Mission Impossible is aiming for almost impossible new highs for future instalments in the film series – as Tom Cruise plans to film scenes in space.

The 58-year-old film star has played Ethan Hunt in the Mission Impossible film series since 1996 – with the seventh and eighth instalments currently filming back-to-back across Europe.

However, Tom is hoping to take cameras up beyond the atmosphere to film climactic scenes for the final instalments in space.

Reports have suggested that producers are working with NASA to determine the logistics of getting Tom and a film crew above the clouds and out to the stars to film.

Tom Cruise is currently filming Mission Impossible : Lybra around Europe

A source told The Sun: “Tom is well known for doing his own stunts and the Mission films have had some of the ­biggest and most elaborate movie moments ever shot.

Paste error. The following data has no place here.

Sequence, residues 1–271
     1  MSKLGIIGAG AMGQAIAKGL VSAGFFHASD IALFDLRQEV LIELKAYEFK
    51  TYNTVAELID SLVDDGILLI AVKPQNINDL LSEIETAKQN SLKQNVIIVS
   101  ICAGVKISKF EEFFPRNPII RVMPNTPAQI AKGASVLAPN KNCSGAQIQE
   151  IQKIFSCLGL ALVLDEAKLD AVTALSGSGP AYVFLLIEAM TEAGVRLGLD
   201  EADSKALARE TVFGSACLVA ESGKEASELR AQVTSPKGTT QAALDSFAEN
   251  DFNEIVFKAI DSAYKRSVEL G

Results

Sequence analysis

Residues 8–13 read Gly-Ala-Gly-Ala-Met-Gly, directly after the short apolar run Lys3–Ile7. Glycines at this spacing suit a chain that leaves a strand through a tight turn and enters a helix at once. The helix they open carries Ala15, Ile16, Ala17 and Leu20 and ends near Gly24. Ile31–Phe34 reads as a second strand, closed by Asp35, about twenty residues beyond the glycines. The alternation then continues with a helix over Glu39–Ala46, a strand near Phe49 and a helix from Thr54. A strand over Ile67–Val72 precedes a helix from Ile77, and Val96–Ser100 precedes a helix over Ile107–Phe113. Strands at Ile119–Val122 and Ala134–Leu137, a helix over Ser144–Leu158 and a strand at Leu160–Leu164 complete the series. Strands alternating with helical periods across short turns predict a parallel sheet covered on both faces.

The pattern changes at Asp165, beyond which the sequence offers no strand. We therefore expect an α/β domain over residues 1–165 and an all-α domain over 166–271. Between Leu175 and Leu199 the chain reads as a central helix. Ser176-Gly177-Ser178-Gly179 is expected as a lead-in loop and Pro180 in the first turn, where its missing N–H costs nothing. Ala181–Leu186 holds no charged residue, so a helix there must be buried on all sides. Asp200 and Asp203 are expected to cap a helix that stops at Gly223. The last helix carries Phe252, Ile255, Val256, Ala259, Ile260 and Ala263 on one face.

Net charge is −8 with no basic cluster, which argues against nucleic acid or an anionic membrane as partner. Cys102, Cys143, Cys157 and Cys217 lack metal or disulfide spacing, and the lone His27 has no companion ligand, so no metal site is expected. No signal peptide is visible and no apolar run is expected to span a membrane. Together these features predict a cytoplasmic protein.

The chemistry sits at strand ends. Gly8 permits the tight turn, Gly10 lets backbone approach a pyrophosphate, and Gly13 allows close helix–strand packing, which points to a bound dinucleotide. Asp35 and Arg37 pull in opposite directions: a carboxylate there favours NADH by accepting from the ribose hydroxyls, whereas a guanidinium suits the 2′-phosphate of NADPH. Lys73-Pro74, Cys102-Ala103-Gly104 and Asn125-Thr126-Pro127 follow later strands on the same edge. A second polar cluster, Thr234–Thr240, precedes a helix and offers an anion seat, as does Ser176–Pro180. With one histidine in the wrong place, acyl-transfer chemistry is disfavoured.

“But he’s keen to push things further than anybody has ever done before — and, obviously, the big unknown is can you actually film in space.

“He’s pretty certain he can make something work and has spoken to Nasa about it, too.”

The actor reportedly plans to blast himself into space to film scenes for the new Mission Impossible films

The plans would make Tom the first Hollywood star to film scenes for a movie in outer space – while the actor himself is well known for his daring stunts in the series.

In 2017, Tom broke his ankle while filming a stunt for Mission Impossible 6 – and he has earlier drawn headlines for filming on the side of a plane while it took off.

During the filming of Mission Impossible 7, a fire broke out during a motorbike stunt which delayed filming – but no one was injured.

The Mission Impossible film series has made over $3.5 billion (£2.6 billion) at the box office over the past 24 years.

The seventh and eighth instalments had been due for release in July 23, 2021 and August 5, 2022 respectively – but were delayed due to the ongoing coronavirus pandemic.

The films are now expected to release on November 19, 2021 and November 4, 2022 respectively.